ETR turned out to be a very productive undertaking and I would like to thank IEEE’s Spilios Markis, Chi-Ming Chen and Chris Mayer for all the help provided prior and during workshop.
My contribution focusing on addressing the unprecedented flexibility of advanced software defined systems and artificial intelligence. That intersection defines game changing technologies leading to zero-touch automation and, therefore, fostering self-service opportunities at both operational and service consumption levels.
“Zero touch” implies extreme automation to its fullest while self-service reveals that this new order elevates the criticality of HMS (Human Machine Systems.) More touch points surface compared to what legacy technologies allowed given their constraint and restricted nature. That prompts a new take on HCI (Human Computer Interaction) and QbD (Quality by Design) to best deliver service quality throughout: concept exploration and service definition, fulfilment and adaptation, assurance and security… across multi-domain, highly decomposed, re-configurable and exceptionally dynamic end-to-end systems involving integration and service delivery in continuous motion.
These are thought out to (a) dramatically optimize support personnel ratios and (b) shift staff’s attention and efforts to value based activities and innovation. These are small agile teams and new talent tasked with jobs involving (c) far greater scale with (d) a wider interdisciplinary scope, and all to be performed at (e) digital speed. In this next-level productivity and more demanding and challenging context, success relies on new tools embracing Design Thinking’s HCD (Human-Centered-Design.)
That is applied to capability models and subsequent modes of operation for (f) HITL (Human “IN” The Loop) Computing largely devoted to deep domain expertise supported by Science Visualization, as well as (g) HOTL (Human “ON” the Loop) for system-wide supervisory responsibilities and ease of service creation and onboarding. HOTL draws from highly abstracted Visualization techniques and Low Code Development revealing the behavior of end-to-end systems and subsystems and adequate flow control.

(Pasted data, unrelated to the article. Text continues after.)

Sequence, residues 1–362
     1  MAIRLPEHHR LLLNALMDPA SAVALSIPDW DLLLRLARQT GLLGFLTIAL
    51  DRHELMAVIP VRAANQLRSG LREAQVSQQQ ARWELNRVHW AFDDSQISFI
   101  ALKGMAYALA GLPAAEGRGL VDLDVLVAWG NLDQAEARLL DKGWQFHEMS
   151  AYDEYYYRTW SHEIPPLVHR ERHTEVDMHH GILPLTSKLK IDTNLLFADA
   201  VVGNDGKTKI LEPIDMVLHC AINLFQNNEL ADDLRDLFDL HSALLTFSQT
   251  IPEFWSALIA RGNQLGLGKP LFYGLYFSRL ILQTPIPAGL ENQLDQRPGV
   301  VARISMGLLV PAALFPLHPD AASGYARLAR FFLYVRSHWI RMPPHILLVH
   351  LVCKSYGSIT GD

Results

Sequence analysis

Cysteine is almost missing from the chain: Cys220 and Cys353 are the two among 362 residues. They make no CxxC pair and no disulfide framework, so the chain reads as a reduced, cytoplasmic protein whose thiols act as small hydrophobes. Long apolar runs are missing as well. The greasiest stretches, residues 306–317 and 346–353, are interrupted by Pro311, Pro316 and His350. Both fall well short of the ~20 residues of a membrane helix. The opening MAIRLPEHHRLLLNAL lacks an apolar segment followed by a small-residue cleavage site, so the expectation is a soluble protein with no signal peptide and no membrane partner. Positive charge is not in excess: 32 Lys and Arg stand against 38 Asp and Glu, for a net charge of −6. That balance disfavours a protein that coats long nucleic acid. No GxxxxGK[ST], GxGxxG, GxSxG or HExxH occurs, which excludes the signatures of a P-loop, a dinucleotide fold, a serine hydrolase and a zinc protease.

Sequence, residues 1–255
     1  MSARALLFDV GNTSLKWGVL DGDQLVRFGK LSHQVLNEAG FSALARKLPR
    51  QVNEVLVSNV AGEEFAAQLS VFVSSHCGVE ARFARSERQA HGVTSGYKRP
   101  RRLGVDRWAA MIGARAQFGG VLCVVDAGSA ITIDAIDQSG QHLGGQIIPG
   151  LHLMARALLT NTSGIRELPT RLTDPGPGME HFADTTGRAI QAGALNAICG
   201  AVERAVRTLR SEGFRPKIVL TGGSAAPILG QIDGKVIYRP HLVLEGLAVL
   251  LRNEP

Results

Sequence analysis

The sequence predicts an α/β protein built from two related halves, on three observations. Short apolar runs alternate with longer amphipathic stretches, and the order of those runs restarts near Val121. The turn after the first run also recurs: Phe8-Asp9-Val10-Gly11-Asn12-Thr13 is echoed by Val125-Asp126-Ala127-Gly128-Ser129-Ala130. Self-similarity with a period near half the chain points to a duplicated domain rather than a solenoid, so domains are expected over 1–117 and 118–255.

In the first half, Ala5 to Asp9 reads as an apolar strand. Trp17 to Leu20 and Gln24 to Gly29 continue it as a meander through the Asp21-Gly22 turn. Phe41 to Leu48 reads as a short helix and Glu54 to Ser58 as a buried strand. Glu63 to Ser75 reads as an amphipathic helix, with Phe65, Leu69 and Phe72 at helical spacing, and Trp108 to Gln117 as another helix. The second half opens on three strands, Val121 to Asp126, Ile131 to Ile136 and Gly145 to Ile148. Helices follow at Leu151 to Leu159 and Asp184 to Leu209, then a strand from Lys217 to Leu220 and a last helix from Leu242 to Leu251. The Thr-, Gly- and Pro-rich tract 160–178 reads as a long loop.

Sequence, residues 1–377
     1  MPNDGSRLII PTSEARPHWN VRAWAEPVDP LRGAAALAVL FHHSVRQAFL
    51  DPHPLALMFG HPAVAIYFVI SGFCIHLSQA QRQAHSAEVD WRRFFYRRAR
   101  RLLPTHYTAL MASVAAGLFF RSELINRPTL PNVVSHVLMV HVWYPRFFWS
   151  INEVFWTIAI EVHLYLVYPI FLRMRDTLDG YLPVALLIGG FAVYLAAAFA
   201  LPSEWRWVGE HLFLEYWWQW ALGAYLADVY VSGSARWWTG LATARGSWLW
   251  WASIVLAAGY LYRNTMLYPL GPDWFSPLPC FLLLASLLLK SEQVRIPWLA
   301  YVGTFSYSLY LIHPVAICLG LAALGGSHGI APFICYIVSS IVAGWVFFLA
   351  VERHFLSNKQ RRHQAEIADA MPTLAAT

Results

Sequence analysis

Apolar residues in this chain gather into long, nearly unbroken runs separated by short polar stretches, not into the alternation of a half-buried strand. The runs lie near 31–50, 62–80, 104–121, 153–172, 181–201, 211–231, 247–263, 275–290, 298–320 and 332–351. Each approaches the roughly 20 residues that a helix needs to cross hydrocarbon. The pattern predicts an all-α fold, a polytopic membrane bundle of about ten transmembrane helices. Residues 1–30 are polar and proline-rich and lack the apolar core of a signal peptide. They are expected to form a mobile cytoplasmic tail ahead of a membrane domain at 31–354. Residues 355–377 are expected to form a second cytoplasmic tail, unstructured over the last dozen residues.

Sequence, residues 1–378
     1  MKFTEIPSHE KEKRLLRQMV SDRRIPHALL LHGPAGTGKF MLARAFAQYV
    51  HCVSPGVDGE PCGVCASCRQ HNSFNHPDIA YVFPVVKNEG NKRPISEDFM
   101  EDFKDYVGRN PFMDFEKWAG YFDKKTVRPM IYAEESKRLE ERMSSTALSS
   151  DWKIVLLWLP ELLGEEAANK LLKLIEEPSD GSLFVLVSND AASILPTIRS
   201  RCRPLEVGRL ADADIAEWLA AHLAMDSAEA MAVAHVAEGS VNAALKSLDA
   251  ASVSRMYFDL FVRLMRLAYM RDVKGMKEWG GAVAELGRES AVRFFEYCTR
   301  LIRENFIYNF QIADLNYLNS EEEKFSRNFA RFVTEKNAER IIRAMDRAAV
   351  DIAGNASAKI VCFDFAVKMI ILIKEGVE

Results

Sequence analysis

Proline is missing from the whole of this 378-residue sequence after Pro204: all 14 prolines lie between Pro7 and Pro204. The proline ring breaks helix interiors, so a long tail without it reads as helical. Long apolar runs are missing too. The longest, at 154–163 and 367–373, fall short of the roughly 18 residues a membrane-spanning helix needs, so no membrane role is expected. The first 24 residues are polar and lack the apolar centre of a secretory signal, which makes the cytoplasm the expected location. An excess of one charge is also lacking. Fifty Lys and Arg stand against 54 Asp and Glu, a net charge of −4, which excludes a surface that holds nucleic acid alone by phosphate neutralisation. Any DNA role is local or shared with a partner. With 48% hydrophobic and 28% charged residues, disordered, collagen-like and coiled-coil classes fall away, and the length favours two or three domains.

These are coupled with effective Cybernetics gearing up for context aware 360-closed-loop-control, zooming in and out between distributed and central levels. Last but not least, effective and efficient tools that are characterized by ease of use and consumability do attract many more new users from many more different domains to interact with these systems in a self-service fashion and create new business opportunities as a result.
“Service Design is big. Being holistic, it includes the researching, envisioning and orchestrating of service experiences that happen over time and across multiple touch points with many stakeholders involved, both frontstage and backstage.”
“At Service Design Week, we seek to strip away any fluff, examining service design methods and processes at their core, and unpack the practical tools and skill-sets, hard and soft, needed for this way of working. Service Design Week will gather service design leaders from various functions and disciplines across all flavors of Service Design. With content for all levels of Service Design maturity, we look forward to drawing both fledging and experienced service designers.”
I am looking forward to joining Service Design Week and I would like to thank Michel DeJager and the team at the International Quality & Productivity Center for their kind invitation. My talk will discuss C3LM, Customer Co-Creation Lifecycle Methodology, in the context of Blended Service Design, which I will take care of defining and demystifying in my talk.
I am proud to share that C3LM is the recipient of a Nokia Innovation Award. My work seeks to interweave a set of known and brand new interdisciplinary practices to best address end-to-end solutions for complex and dynamic environments, also known as soft systems given their organic and morphing nature. And, most importantly, achieving that by optimizing for the delivery of quality experiences while humanizing low and high tech in the process.
Widespread digitalization in our everyday activities is not just far reaching, but is also leading to a renaissance in Human Factors disciplines. The delivery of “effective quality services” with “highly efficient end-to-end solutions” is the reason for being and rationale behind creating C3LM. This new brave world entails Blended Services that intersect Data Science, Automation and Programmability, all orchestrated with Human Centered Design in mind.